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IS YOUR ONLY PROBATE ASSET A CAR? – How to avoid the need to open a small estate


Because of the simplification of estate tax planning and the rise in probate avoidance techniques, we are finding that, for many, the only asset that is governed by a decedent’s Will is their car.

Traditionally, the decedent’s family would have to open a small estate to transfer title to the vehicle.  However, this can be cumbersome and time-consuming if an automobile is the only reason someone has to open an estate.

Thankfully, the Maryland General Assembly and MVA have implemented policies to simplify the transfers of vehicles at death.


Beneficiary Designations

The MVA allows for car owners to add a beneficiary designation on their vehicle.  Because beneficiary designated property passes without the need for probate, if a car with a beneficiary designation associated with it is the only asset of a decedent’s estate, there would be no need to open a small estate.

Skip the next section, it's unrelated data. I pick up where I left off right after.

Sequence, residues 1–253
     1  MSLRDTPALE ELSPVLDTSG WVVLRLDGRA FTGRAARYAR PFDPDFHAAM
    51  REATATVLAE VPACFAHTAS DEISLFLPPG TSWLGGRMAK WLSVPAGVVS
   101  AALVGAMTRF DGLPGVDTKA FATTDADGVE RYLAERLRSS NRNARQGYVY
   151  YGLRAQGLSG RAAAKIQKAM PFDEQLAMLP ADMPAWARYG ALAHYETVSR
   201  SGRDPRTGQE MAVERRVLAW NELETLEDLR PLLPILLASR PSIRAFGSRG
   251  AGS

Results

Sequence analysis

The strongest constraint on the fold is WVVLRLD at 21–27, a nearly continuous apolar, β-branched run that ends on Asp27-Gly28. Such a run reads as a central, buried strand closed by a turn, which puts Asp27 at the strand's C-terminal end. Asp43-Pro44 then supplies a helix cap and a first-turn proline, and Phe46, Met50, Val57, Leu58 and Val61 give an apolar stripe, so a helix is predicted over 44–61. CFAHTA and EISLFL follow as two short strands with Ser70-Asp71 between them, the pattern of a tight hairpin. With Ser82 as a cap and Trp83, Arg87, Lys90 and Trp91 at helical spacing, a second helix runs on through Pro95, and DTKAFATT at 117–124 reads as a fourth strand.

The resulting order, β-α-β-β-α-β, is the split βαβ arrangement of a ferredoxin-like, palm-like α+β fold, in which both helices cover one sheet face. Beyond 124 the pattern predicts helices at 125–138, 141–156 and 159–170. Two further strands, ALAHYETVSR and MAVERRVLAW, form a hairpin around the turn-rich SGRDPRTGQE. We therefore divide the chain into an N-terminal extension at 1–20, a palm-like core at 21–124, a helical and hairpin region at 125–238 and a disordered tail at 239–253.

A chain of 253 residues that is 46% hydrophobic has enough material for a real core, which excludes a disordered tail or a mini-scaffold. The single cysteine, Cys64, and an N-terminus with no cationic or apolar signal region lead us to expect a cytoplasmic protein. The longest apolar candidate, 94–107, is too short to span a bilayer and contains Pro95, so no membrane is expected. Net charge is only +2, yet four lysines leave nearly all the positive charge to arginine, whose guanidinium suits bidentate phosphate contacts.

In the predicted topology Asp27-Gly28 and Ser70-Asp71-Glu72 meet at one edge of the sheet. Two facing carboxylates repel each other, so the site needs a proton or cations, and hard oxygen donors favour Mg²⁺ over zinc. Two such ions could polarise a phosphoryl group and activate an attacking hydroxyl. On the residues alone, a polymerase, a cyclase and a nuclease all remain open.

To add a beneficiary designation to your vehicle, you can go to this website and fill out the online form.  The MVA will then issue a new title.  After death, your beneficiary can then use the new title and the death certificate to complete the transfer.

Once you have added a beneficiary, you can remove him or her or change the beneficiary at any time, but you would need to obtain a new title each time.

Please see this informational site for more details.


Joint Titling

Joint titling is often the simplest method to ensure automobiles can pass to your intended beneficiary without passing under your Will.  If two individuals own a car together, at death, it automatically passes to the survivor without going through the probate process (although a new title must be issued).

Arguably, this method increases the liability exposure for the other party as plaintiffs often sue all owners of a vehicle involved in an accident.  You should seek legal advice before adding anyone to the title of your car to make sure you understand the potential benefits and consequences.


Motor Vehicle Exemption for Surviving Spouses

Under certain circumstances, surviving spouses can obtain the title of a car owned by a deceased spouse without the need for probate.  The car must be free of liens, the estate must have no other debts, and the surviving spouse must be the sole heir or legatee of the estate.  While this is an available option that we advise our clients of, we have found that this is not commonly used and can often cause confusion at the MVA or Tag & Title companies.